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Climate ChangeHow California (and the World) Get to 30x30

How California (and the World) Get to 30×30

How California (and the World) Get to 30×30

COP15 in Montreal ended with a pledge to guard 30 percent of the planet by 2030. UCLA student evaluation shows what we are able to learn from California’s own plan.

UN Biodiversity, CC BY 2.0 via Wikimedia Commons

By Ashley Anderson, Elana Nager, and Madeline Ward

As 2022 wound down, the United Nations Biodiversity Conference (COP 15) convened in Montreal. The conference ended with around 190 of the world’s nations adopting the Kunming-Montreal Global Biodiversity Framework, which establishes 4 goals and twenty-three targets to be achieved by 2030. Probably the most outstanding of those was a “30×30” commitment: to conserve thirty percent of the earth’s lands, oceans, coastal areas, and inland waters by 2030. Striving for 30×30 is seen as crucial because biodiversity is declining at unprecedented rates. 

California showed up at COP15 in additional ways than one. California is the primary–and only–U.S. state to act as an official observer on the talks, as reported by CalMatters. State lawmakers and members of the Newsom administration were physically in Montreal. 

But California’s presence was felt in one other way: California has a pre-existing 30×30 commitment that may function a roadmap for implementation of the COP commitment. Following a 2020 executive order, California began implementing its own 30×30 initiative, with three most important goals: to guard and restore biodiversity, to expand access to nature for all Californians, and to construct resilience to climate change. In April 2022, California’s Natural Resources Agency released “Pathways to 30×30,” which lays out the Newsom administration’s plan to get there. It includes ideas like executing strategic land acquisitions, increasing voluntary conservation easements, and strengthening coordination with federal and tribal governments.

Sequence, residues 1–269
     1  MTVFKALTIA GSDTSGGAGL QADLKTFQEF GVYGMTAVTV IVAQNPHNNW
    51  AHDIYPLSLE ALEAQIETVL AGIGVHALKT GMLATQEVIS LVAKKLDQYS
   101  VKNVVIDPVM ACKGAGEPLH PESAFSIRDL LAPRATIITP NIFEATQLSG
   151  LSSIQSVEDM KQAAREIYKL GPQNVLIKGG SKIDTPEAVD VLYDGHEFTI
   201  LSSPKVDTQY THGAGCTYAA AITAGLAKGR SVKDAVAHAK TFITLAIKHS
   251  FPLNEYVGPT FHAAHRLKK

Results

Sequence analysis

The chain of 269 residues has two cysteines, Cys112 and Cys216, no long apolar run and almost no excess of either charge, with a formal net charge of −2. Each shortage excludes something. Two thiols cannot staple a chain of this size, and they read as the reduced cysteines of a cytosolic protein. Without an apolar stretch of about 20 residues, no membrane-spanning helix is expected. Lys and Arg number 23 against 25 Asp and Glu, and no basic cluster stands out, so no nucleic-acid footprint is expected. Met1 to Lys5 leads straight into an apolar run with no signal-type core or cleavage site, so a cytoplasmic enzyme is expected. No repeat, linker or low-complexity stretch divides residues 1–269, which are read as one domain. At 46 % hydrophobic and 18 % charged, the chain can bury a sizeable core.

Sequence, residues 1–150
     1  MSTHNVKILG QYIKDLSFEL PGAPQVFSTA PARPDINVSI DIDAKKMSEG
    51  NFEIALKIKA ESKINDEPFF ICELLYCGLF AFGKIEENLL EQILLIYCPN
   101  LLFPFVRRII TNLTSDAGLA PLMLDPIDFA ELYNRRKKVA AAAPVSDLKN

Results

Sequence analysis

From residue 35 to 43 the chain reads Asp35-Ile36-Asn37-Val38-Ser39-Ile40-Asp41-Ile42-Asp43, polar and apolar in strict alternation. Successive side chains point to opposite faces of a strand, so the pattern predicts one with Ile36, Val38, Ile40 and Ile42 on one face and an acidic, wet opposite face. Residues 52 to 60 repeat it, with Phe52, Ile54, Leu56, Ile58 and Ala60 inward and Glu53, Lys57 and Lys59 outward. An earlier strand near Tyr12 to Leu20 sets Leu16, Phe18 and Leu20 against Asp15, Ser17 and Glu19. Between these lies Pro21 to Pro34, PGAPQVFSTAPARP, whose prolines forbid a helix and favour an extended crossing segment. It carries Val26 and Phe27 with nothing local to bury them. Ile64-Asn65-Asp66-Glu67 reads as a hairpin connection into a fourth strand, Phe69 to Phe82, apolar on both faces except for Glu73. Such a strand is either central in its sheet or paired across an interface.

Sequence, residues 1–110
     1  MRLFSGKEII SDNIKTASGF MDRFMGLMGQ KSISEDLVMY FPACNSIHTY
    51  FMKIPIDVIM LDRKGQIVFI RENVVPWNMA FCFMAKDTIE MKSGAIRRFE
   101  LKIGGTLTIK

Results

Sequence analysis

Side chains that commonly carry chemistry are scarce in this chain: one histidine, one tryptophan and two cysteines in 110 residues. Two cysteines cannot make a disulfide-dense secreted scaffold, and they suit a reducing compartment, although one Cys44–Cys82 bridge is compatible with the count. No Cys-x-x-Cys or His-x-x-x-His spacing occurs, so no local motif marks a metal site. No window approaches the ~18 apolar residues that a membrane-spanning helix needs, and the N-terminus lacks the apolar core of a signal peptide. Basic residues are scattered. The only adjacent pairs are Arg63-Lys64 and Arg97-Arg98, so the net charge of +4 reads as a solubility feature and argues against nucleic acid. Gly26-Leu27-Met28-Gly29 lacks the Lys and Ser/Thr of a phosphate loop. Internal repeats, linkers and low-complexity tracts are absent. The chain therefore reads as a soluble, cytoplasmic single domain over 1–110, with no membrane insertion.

So how is California’s 30×30 pledge going? That was the query we dove into over several months of in depth research last semester within the California Environmental Laws and Policy Advocacy Clinic. We dug into California’s 30×30 initiative and spoke to scores of stakeholders at state agencies, state conservancies, NGOs, and environmental consultancies, all deeply committed to creating California’s 30×30 pledge a reality. What we learned about these early stages of California’s 30×30 implementation can provide useful guidance for other jurisdictions striving to attain that goal. Listed here are a couple of of our key takeaways: 

  • Representation matters. The Natural Resources Agency undertook a sturdy stakeholder engagement process because it was putting together its Pathways plan, including in-person and virtual meetings across the state designed to be accessible to a big selection of voices, and targeted working groups to deal with key implementation questions by engaging diverse stakeholders. Stakeholders uniformly praised the robustness of the approach, which led to a framework that recognized the needs and involvement of historically underrepresented communities like low-income Californians of color and indigenous groups.